Comments Off on Alexander Maconochie Centre failing Methamphetamine drug addicts

Revelations methamphetamine use has spiked inside the Alexander Maconochie Centre is the latest sign of a prison and rehabilitation sector requiring urgent attention.

Figures obtained by The Canberra Times reveal the number of inmates testing positive to methamphetamine or amphetamines inside the jail has nearly doubled in the past year.

But with many addicts unable to access rehabilitation services outside the jail due to two-month waiting lists, it’s no surprise inmates are continuing to seek the drugs inside a prison plagued with issues.

The destructive influence of ice in the ACT demands an evidence-based community strategy that treats addiction before more Canberrans become trapped in the criminal system.

Treatment centers have routinely called on the government for financial assistance to meet the demands of vulnerable Canberrans, with $900,000 eventually granted in the 2015/16 territory budget.

The funding falls short of the $1.6 million investment recommended by the Alcohol Tobacco and Other Drug Association ACT, which has watched Canberrans suffering the effects of the higher-purity methamphetamine.

Australia has the highest rate of methamphetamine use in the English-speaking world with demand for non-government treatment services in the ACT increasing by 36 percent since 2010.

Last year, The Salvation Army recorded a 155 per cent increase in ACT residents seeking treatment from specialists amid mental health problems and unpredictable violence.

The government has acknowledged methamphetamine addiction is directly linked to the crimes of many inmates and insists rehabilitation services inside the prison are up to the job.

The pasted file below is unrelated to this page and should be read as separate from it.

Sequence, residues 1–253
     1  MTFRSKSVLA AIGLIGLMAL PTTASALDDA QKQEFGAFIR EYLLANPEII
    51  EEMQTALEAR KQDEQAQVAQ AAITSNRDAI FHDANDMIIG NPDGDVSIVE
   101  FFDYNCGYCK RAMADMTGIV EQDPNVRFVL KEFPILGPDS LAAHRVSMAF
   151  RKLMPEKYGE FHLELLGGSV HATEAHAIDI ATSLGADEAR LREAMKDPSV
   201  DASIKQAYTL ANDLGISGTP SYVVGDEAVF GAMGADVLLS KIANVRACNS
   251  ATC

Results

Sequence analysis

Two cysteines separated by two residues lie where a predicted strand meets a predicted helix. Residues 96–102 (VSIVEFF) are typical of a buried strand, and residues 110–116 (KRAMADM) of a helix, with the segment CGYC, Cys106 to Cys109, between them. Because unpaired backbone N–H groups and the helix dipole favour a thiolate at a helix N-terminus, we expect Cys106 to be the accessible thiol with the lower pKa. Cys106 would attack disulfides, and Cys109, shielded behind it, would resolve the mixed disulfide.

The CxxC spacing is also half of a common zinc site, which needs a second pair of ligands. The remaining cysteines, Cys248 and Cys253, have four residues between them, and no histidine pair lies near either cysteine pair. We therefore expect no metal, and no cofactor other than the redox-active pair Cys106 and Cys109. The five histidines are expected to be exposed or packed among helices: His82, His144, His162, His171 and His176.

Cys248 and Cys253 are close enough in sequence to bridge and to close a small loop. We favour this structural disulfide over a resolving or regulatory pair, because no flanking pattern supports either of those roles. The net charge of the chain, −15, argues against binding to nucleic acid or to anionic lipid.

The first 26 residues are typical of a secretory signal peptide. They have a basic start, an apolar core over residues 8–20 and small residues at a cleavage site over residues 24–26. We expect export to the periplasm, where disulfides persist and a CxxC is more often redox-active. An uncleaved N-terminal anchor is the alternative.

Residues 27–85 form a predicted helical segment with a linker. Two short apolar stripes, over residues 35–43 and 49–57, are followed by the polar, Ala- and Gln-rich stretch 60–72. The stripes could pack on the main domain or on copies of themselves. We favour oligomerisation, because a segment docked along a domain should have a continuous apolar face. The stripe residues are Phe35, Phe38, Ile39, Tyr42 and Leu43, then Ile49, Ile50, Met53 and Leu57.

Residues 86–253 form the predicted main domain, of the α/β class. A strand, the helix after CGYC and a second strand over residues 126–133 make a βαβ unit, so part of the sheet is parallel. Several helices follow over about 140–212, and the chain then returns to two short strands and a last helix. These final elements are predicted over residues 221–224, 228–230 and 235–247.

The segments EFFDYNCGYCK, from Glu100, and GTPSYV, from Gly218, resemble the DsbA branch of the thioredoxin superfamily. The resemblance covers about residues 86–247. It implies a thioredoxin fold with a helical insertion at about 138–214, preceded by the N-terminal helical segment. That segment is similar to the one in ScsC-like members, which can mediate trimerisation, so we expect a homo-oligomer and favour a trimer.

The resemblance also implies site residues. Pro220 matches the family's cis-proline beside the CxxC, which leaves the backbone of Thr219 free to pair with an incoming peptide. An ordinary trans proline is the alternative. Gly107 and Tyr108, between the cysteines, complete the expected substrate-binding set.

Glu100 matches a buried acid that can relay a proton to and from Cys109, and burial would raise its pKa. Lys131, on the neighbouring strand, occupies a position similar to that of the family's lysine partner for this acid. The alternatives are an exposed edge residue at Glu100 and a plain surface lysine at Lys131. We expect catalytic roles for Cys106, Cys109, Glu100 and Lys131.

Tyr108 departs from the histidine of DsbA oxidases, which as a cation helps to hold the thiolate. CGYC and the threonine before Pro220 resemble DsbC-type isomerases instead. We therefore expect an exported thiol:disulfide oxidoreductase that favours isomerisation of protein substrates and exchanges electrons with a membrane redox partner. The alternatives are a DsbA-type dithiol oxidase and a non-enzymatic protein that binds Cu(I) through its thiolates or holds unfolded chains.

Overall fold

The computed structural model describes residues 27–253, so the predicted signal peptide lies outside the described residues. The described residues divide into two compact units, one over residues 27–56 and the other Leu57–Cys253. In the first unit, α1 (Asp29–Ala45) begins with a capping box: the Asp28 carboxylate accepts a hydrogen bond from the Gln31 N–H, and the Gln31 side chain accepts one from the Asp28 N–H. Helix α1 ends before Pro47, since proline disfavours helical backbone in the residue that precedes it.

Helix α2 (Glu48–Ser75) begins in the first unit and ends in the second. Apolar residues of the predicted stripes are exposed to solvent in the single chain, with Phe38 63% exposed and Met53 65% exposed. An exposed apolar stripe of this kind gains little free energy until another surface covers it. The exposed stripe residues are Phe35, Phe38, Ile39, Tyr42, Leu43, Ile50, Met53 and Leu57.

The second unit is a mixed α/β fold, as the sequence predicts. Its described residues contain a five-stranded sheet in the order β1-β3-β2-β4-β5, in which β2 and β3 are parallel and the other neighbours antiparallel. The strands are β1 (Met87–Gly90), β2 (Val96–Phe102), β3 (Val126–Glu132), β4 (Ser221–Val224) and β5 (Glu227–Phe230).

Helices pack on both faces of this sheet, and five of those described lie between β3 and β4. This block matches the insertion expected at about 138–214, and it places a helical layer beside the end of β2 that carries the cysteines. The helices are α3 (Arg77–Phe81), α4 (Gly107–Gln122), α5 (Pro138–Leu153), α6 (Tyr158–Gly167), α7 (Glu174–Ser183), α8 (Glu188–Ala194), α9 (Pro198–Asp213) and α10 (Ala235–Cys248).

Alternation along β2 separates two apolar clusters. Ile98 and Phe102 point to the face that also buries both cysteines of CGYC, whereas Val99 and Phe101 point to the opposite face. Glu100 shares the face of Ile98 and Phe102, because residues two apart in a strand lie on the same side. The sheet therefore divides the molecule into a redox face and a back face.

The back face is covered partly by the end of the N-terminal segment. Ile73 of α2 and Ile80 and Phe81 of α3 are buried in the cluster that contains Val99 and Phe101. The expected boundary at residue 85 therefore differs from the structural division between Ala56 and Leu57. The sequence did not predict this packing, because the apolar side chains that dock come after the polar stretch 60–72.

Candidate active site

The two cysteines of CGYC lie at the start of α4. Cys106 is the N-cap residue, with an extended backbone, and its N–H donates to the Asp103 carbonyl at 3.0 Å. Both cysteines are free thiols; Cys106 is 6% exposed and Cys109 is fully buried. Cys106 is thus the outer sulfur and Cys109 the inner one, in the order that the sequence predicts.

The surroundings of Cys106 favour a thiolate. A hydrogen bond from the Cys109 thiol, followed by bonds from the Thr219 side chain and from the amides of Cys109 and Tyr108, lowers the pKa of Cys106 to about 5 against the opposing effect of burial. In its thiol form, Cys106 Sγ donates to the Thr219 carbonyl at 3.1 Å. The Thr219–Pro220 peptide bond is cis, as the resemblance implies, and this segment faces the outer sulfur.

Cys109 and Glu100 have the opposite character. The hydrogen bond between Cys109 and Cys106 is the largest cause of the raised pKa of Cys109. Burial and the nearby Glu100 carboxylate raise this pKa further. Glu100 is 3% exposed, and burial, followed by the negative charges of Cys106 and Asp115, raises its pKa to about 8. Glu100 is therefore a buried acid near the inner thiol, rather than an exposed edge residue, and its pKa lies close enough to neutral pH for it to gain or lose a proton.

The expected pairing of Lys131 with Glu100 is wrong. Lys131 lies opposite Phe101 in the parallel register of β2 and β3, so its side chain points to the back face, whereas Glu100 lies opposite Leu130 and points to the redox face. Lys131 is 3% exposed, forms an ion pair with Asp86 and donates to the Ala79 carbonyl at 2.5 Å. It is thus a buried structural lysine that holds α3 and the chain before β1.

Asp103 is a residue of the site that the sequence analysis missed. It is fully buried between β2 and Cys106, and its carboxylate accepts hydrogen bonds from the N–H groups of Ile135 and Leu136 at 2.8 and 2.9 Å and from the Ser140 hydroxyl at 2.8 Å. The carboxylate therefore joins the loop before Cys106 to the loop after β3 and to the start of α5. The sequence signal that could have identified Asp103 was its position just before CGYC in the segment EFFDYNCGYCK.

But it’s a tough ask and one it has been accused of failing at.

In April, the ACT Auditor-General’s office presented a report outlining serious deficiencies in the management and provision of rehabilitation services at the prison.

Auditor-general Maxine Cooper said a lack of structured activity at the prison left prisoners at risk of boredom, undermining their rehabilitation and potentially encouraging further drug use.

In its defense, the ACT government has pointed to the prison’s chronic overcrowding which led to 22 select prisoners being moved to the Symonston Correctional Facility earlier this month.

While the swelling prison population may be behind the increasing drug use the government cannot claim they were not warned about the problem in advance.

In 2013, The Canberra Times revealed the government had been warned in 2001 that prisoner numbers would reach levels that would quickly overcrowd a 332-bed facility.

While the prison must do more to prevent drugs entering its walls, we, as a community, must do more to treat those with addictions which can lead to criminal prosecution and incarceration.

http://www.smh.com.au/comment/ct-editorial/sunday-editorial-20150620-ghq2zb

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